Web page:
Nearly three weeks since the defeat to Belgium left Scotland bottom of their World Cup qualifying group with two points, the Scottish Football Association announced on Monday that Craig Levein was no longer in charge.
Though McLeish has been linked with a return to the post he held in 2007, famously winning away at France, he has backed the current favourite Gordon Strachan to take the job, as he wants to return to club management having left Aston Villa at the end of last season.
McLeish and Strachan were team-mates together with Aberdeen and Scotland but became rivals when their managerial reigns at Rangers and Celtic overlapped.
"Gordon looks a pretty good choice," McLeish told talkSPORT. "I don't want to say I don't want the Scotland job but I feel I've still got some time left in club football.
"I left the national team to take up club football. I felt I was missing the day-to-day stuff. I wouldn't like to be unfair to Scotland fans in terms of coming back to the job and being a hypocrite.
"There's nothing really pending, I had to have a break after Aston Villa and now I've got itchy feet again."
Strachan, who won three league titles with Celtic, is currently out of work having left Middlesbrough after a difficult spell in 2010.
Meanwhile, former Scotland striker Joe Jordan is pleased to be mentioned as a possible contender.
Jordan, who served as first-team coach at Tottenham under Harry Redknapp, has welcomed reports linking him with the Scotland job.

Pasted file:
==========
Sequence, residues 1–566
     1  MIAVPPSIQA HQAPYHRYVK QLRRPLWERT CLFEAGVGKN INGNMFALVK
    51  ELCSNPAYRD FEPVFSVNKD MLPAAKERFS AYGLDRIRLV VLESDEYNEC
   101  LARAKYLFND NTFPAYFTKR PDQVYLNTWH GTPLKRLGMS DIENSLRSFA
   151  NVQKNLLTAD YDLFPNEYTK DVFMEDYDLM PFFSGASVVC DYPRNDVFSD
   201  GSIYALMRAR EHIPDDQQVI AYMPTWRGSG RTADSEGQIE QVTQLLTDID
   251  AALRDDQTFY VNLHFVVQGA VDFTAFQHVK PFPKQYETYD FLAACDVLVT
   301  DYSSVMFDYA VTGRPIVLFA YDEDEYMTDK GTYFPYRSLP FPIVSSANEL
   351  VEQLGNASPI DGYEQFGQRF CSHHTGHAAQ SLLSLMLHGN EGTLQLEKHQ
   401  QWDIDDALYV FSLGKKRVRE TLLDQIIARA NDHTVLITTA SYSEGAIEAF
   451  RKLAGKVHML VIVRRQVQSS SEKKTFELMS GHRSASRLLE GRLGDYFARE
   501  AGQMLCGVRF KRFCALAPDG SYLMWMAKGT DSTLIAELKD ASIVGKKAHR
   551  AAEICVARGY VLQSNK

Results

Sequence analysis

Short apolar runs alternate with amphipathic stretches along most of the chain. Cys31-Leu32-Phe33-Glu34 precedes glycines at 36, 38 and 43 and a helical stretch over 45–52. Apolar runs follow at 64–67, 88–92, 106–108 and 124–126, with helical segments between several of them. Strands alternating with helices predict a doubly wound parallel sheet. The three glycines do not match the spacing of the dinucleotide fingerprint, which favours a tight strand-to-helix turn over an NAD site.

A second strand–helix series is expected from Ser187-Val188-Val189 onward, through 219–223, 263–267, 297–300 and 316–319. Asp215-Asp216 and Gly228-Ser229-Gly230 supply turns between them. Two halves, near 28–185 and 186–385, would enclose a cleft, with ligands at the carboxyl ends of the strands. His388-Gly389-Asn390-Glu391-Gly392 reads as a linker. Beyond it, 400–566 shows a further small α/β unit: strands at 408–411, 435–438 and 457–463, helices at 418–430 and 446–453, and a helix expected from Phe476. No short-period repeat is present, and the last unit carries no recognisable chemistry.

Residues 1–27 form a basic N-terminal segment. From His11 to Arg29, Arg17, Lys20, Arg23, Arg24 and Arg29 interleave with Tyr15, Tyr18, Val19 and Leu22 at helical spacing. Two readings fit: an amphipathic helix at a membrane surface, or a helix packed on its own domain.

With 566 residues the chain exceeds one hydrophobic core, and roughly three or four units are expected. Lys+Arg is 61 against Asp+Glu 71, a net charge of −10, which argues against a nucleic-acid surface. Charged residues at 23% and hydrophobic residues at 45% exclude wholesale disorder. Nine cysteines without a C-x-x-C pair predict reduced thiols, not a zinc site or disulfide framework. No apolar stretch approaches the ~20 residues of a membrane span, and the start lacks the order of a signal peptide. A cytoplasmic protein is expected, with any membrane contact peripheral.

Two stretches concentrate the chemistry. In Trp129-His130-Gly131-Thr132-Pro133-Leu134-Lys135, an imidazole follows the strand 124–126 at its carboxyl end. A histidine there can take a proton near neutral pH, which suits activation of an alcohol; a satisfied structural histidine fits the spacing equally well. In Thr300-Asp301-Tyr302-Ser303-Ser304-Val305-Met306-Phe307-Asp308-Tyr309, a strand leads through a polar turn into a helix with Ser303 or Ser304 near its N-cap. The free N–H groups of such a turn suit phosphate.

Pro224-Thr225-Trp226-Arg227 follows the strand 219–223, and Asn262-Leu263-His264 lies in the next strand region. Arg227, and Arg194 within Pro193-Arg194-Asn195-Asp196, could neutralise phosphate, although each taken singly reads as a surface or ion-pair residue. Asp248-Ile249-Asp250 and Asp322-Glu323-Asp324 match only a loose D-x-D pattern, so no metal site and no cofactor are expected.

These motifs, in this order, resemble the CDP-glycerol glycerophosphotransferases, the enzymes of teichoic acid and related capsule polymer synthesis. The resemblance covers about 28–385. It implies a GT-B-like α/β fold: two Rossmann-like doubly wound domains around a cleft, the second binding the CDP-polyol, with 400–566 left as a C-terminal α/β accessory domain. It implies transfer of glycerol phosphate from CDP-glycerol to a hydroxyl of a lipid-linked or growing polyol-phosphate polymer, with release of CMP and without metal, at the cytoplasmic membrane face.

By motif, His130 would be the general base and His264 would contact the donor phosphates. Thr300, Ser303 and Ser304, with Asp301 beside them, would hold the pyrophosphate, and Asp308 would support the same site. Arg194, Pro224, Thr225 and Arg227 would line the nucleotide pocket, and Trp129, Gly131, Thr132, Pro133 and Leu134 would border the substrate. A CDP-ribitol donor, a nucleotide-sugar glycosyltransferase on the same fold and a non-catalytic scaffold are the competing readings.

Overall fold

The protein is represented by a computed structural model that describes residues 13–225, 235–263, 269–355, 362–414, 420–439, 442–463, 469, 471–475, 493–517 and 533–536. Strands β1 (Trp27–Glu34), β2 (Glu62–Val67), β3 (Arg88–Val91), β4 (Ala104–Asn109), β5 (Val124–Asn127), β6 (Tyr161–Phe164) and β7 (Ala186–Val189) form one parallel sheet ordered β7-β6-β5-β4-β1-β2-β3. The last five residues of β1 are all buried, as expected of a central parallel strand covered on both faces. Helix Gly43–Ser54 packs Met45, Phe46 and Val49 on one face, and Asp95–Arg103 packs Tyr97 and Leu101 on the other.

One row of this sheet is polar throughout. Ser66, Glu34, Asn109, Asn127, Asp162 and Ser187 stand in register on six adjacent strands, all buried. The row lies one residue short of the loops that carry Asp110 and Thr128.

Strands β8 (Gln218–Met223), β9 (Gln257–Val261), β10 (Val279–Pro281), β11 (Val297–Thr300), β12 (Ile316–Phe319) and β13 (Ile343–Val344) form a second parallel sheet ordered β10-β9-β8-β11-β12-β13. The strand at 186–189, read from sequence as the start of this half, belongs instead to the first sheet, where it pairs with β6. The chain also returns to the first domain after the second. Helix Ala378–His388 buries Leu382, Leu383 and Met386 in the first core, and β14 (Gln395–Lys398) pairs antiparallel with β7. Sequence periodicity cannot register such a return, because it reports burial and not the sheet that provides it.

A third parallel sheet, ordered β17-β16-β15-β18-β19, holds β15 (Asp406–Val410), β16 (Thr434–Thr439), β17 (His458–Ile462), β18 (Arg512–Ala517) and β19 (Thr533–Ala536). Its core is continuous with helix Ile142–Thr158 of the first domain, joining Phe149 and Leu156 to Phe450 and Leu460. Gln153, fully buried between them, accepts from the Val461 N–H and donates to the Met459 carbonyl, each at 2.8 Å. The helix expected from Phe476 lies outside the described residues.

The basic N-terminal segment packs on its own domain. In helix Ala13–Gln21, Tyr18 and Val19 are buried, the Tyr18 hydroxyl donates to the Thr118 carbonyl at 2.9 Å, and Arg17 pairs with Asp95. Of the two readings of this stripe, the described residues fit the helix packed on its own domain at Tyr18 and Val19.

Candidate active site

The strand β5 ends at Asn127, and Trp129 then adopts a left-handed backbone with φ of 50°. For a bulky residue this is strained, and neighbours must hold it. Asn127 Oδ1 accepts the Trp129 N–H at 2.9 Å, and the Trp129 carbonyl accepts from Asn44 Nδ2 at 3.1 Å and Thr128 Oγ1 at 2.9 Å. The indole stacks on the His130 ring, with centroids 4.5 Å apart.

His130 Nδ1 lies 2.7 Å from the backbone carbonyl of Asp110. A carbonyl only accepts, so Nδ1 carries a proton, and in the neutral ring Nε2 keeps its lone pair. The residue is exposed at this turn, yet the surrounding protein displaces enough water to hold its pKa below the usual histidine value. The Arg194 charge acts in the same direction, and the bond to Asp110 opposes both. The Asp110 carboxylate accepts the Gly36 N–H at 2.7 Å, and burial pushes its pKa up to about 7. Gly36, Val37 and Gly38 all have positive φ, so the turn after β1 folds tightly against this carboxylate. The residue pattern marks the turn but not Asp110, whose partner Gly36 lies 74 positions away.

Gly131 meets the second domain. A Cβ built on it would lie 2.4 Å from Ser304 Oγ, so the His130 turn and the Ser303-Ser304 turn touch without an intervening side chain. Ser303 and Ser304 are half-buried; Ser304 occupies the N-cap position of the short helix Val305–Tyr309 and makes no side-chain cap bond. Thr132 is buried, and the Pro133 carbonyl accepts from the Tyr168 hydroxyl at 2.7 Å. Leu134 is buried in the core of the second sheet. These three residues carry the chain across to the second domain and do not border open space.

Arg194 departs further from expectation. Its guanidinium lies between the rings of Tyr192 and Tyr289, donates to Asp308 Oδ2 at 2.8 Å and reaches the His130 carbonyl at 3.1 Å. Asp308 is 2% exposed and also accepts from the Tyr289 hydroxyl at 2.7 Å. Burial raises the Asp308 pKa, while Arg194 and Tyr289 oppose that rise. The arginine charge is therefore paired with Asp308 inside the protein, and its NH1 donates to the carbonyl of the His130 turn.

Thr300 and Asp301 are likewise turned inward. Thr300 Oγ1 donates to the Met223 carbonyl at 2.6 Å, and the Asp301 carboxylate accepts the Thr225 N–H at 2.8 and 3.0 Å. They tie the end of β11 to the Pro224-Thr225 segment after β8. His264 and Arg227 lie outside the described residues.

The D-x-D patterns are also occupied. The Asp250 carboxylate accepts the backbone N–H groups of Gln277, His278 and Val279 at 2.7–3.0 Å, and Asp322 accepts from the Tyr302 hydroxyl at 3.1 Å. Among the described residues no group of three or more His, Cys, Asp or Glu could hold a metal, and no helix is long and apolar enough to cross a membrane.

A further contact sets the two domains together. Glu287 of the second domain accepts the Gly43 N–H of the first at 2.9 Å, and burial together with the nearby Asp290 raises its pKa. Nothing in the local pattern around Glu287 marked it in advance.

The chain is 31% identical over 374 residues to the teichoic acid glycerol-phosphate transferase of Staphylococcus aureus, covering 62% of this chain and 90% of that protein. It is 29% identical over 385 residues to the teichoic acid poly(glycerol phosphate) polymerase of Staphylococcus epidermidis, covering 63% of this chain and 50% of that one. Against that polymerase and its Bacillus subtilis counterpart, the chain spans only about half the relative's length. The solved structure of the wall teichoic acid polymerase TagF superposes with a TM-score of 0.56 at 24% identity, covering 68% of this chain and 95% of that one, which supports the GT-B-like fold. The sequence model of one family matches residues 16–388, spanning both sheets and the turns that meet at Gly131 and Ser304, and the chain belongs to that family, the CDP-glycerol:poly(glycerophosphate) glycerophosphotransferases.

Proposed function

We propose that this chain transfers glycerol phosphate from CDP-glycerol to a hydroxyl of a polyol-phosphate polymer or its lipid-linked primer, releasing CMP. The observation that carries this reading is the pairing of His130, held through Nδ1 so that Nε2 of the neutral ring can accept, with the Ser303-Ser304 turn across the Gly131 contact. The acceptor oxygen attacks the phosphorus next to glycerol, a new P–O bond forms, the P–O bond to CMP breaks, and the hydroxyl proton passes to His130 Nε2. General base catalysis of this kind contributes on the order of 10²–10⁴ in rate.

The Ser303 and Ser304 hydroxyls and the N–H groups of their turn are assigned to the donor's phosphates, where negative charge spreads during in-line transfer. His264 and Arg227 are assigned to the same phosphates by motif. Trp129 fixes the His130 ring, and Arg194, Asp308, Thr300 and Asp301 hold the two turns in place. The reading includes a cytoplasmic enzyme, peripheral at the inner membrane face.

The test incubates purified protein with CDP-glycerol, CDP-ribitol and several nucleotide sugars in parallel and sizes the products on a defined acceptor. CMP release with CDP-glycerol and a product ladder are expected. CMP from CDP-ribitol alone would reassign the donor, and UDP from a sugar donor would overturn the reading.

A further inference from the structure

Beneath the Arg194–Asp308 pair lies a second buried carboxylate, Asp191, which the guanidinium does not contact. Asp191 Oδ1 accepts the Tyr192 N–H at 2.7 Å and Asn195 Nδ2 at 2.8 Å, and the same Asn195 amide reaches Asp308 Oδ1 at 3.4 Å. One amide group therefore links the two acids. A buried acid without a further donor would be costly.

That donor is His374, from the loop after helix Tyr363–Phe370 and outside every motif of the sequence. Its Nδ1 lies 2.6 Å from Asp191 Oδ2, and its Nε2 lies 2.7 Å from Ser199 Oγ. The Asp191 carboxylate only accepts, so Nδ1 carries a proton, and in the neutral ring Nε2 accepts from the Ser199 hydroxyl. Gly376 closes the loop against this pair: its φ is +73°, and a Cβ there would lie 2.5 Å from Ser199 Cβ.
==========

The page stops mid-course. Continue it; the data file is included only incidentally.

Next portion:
"I know there will be a lot of names, a lot of speculation," Jordan, who has managed Hearts, Stoke and Bristol City, told BBC Radio 5 Live. "I am Scottish, I'm a proud Scotsman and a person that wants to work. And, for my name to be mentioned, yes, it's nice to be linked with the national job."
As well as Jordan and bookmakers' favourite Gordon Strachan, Kenny Dalglish has also been linked with the post, although former Scotland forward John Robertson believes whoever takes charge faces a tough challenge.
"It's a hard job. The Tartan Army demand a lot, the press demand a lot. The players are certainly talented but it's getting the results, you have to get results as a manager," Robertson said.
"I don't see the benefit of changing mid-campaign because if one of the big guns that they're talking about - Strachan, Dalglish, Joe Jordan - come in and don't do well for the rest of the campaign they could be under pressure before the end of this campaign finishes."
- Sports & Recreation
- Scottish Football Association